Horse Park Fire

28 05 2018

The first thing to know is the most important: Spring Creek Basin’s mustangs are OK.

Horse Park is immediately north of Spring Creek Basin. The Horse Park Fire started Saturday night by a lightning strike, and firefighters were on it pretty much immediately. The fire is outside the basin’s northeastern boundary and moving basically northward, pushed by strong winds from the south/southeast.

Early in the day, I was with Steve Heath (Heath Water Service) in the basin to show him the  roads. There’s a big difference in go-to-ability between his loaded water truck and my nimble Jeep, and we wanted to see where he can go with his truck to deliver water farther into the basin than the catchment when the drought situation requires it.

Good news on that front, too: Steve is confident that he can get his water truck to the places where we might set water troughs for the horses (in addition to the water catchment).

It was interesting – and a little (a lot) sobering – that while we were scouting for water locations, this fire blew up on the basin’s northeastern horizon. As of the 10 o’clock news on the Denver CBS 4 station, the Horse Park Fire was at 1,000 acres with 0 percent containment.

Following are some photos from the day:

052718horseparkfire1

Several planes were in the air all day, small planes like this one (above) and big planes like the one below:

052718airtanker2

Part of the fire was in McKenna Peak Wilderness Study Area, where fire retardant is forbidden, one of the BLM fire guys told me. Once the fire moved north from the WSA, three big air tankers started dropping the familiar red material.

052718airtanker3

This is the same plane as the closer photo above, a few seconds later. Looks pretty crazy, huh?

052718choppermcktb1

At least two helicopters were carrying water buckets from what appeared to be numerous sources to sites that were burning on top of the ridge. The main feature here is McKenna Peak. Perfectly placed behind McKenna from this vantage point (the eastern end of roller-coaster ridge), Temple Butte is mostly blocked. The fire is to the left – north.

052718BLMfirefighters1

052718BLMfirefighters2

I was glad to find these guys on roller-coaster ridge, watching the fire from the basin side. Crew leader Dan was helpful with information, as was Patrick Seekins, BLM fire management officer, who called within 15 minutes of me calling dispatch in the morning to report the smoke. They had been aware of the fire and mobilizing pretty much since it started the previous night.

Unofficially, by my observations and from information given by Patrick and Dan, there was a lot of activity on this fire: a crew of smoke jumpers and a crew of hot shots; a fire team out of Norwood; BLM firefighters from Dolores; three big air tankers (resupplying in Durango, Cortez and Grand Junction, I think Dan said); at least four, maybe five, smaller planes dropping retardant; at least two helicopters carrying water buckets; at least one aircraft coordinating all the others (there were a lot of “birds” in the sky!).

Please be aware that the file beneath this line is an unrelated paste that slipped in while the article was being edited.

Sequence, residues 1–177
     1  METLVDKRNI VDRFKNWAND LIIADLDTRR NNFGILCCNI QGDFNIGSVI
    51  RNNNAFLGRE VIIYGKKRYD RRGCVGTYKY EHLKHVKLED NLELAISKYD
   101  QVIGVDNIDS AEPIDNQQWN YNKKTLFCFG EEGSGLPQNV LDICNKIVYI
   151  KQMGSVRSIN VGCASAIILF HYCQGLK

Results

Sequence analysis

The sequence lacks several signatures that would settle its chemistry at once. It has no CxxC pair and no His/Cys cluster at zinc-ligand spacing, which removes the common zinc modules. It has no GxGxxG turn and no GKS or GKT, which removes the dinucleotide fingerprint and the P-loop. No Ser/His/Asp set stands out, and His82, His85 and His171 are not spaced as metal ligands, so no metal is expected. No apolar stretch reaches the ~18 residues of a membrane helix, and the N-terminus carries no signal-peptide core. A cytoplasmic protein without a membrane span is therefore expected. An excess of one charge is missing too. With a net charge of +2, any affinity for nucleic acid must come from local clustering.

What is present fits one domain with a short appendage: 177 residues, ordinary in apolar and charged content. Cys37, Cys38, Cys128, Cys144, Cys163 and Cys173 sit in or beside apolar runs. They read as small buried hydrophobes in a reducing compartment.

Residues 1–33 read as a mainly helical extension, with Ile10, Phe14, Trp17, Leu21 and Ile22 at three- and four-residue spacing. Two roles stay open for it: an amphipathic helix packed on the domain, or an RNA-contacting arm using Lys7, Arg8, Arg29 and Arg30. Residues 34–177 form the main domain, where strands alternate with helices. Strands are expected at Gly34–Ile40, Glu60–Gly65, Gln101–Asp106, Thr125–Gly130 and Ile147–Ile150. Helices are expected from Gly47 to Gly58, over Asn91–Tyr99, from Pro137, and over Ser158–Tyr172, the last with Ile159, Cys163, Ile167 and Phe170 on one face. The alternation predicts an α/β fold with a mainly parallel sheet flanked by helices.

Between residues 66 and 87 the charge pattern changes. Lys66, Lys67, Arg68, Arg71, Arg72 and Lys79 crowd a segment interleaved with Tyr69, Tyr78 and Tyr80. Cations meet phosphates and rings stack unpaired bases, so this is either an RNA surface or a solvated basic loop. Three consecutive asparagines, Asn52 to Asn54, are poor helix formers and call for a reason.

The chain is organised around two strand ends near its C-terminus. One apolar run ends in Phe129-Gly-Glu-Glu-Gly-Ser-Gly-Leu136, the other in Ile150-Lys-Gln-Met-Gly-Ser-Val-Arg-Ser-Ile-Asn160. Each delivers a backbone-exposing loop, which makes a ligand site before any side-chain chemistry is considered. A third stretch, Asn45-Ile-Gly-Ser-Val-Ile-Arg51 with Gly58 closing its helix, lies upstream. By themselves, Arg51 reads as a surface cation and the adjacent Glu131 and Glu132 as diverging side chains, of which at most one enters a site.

Here’s a link to an article about the Durango Air Tanker Base in The Durango Herald. Planes like the one pictured with the article definitely were flying above the Horse Park Fire and dropping retardant.

It is incredibly dry out there in this land of no rain. Really, really, REALLY dry. This is not the first fire in the region, and it won’t be the last.

Fire restrictions are in place pretty much everywhere. PLEASE be super careful.

S'aka, Horse Park Fire

I asked Dan to please pass along to his colleagues the thanks of Spring Creek Basin’s mustangs and their human admirers. 🙂 There seems to be very little chance that the fire will burn down into the basin, but it’s close enough to raise the anxiety level.

The mustangs are in good shape – living in the moment, doing what they do. 🙂

P.S. Happy Memorial Day. It is a day to remember the service of others! Thankfully, those in my family who served their country came home. Today, we remember and honor those who did not make it home to their loved ones.

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5 responses

28 05 2018
Maggie Frazier

Thank heavens you and yours are all safe and ok. Hate to hear about fires out there again – I know its dry – as I’ve said before – wish I could send you some of our moisture. Its almost June 1st & I’ve finally managed to mow the lawn – much longer & we could hay it!!!
Stay safe

28 05 2018
TJ

We’d sure take some rain from wet places if we could finagle the weather gods to handle that for us. It’s crazy dry. The fire wasn’t an “if,” it was a when. And there are going to be more. … Thank you for your well wishes!

28 05 2018
Pat

My goodness, what excitement so close to the precious Basin and the horses.

29 05 2018
Sue Story

😦 We all knew it was inevitable…but still. I am always so thankful for those firefighters and their truly heroic efforts, and on this one, I am thankful too that you and the mustangs are safe, TJ.

29 05 2018
Marytherese Ambacher

Thank you TJ for update. Thank you for your important relationships developed over the years who help you advocate for the beautiful wild surroundings and wonderful mustangs! Thoughts for all your safety.

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